Illustration by Michaela Goade (Tlingit-Haida) from We Are Water Protectors by Carole Lindstrom (Anishinabe/Metis; enrolled member, Turtle Mountain Band of Ojibwe)
Note: This summer I read the middle grade novel, Indian No More by Charlene Willing McManis (Umpqua) with Traci Sorell (Cherokee Nation). In the book, ten-year-old Regina, enrolled in the Confederate Tribes of Grand Ronde, moves with her family from the reservation to Los Angeles when their tribe is terminated by the federal government. There Regina must navigate the celebration of Halloween for the first time, and soon after, her new school's Thanksgiving program. I was struck by the difficulty of having both holidays, with all their problematic rituals and potential for harm to Native children, coming so close together. Regina's story, based on Charlene's own experiences, inspired me to do the research for this post. My thanks to author Traci Sorell for reviewing the content. Any errors are my own.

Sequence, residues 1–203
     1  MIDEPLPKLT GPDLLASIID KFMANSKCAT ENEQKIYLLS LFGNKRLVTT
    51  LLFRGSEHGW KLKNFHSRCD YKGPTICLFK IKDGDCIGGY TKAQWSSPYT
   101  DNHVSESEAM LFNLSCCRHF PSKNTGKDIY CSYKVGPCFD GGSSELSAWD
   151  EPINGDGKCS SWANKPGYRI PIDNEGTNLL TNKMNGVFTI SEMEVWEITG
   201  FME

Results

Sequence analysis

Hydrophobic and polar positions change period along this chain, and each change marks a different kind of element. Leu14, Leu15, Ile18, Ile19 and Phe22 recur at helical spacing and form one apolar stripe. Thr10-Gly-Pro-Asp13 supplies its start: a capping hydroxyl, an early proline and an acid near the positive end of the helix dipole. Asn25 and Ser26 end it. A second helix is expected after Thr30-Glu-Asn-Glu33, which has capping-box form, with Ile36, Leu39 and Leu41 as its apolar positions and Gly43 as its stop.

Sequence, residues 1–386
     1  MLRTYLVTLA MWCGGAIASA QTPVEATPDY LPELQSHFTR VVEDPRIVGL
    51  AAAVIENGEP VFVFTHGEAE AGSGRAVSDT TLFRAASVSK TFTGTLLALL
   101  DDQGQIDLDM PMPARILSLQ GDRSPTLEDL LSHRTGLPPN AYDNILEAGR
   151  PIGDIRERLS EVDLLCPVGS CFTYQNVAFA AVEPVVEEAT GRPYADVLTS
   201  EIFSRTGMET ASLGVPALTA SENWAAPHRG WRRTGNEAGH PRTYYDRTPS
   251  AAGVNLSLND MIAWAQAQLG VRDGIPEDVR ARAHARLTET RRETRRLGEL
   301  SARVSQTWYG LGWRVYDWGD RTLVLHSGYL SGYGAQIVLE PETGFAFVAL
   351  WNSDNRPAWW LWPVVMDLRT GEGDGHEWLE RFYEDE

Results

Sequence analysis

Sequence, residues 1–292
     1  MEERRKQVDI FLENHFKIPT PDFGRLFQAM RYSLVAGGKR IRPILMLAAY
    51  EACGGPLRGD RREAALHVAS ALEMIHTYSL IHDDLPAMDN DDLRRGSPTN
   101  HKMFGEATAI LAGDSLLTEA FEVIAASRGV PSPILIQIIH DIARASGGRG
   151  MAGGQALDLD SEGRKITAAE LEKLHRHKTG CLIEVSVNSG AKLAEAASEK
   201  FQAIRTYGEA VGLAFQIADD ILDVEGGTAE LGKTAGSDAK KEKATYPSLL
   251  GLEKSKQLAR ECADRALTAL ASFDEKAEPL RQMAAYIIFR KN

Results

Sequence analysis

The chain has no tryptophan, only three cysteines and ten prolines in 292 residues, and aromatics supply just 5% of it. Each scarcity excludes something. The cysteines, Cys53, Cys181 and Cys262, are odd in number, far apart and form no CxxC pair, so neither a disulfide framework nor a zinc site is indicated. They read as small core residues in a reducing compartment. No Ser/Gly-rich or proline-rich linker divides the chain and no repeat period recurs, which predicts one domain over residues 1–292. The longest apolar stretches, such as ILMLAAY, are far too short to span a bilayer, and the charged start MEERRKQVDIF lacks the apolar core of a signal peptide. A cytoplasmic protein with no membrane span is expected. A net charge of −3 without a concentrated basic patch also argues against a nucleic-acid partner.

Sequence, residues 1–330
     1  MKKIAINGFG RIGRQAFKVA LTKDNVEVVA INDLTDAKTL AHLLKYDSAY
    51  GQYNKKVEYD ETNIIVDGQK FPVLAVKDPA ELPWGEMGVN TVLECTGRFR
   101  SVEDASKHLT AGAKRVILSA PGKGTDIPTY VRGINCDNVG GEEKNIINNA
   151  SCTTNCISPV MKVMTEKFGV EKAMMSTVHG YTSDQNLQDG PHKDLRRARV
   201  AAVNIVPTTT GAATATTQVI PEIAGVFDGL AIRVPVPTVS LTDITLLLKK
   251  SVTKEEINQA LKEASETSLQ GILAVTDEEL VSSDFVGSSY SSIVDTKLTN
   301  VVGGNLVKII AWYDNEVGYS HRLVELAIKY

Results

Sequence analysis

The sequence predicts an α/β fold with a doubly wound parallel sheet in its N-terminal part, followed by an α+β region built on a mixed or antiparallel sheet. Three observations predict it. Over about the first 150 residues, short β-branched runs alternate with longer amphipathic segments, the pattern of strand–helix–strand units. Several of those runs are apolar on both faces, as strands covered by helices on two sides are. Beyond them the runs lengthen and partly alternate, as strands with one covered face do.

November is National Native American Heritage Month. This month, “the Library of Congress, National Archives and Records Administration, National Endowment for the Humanities, National Gallery of Art, National Park Service, Smithsonian Institution and United States Holocaust Memorial Museum join in paying tribute to the rich ancestry and traditions of Native Americans.“ It’s a time to honor Indigenous history and heritage, yet it overlaps with a season of events that have long been marked by harm directed at Native people. Columbus Day with its glorification of colonization and genocide, only now gradually being replaced with Indigenous Peoples Day; Halloween with its inappropriate costumes still being sold (just try Googling "Indian princess costume"); and Thanksgiving with its classroom enactments of the myth of friendly pilgrims sharing a peaceful feast with the Indians, together form a kind of gauntlet of historical and current misrepresentation, microaggressions, and worse.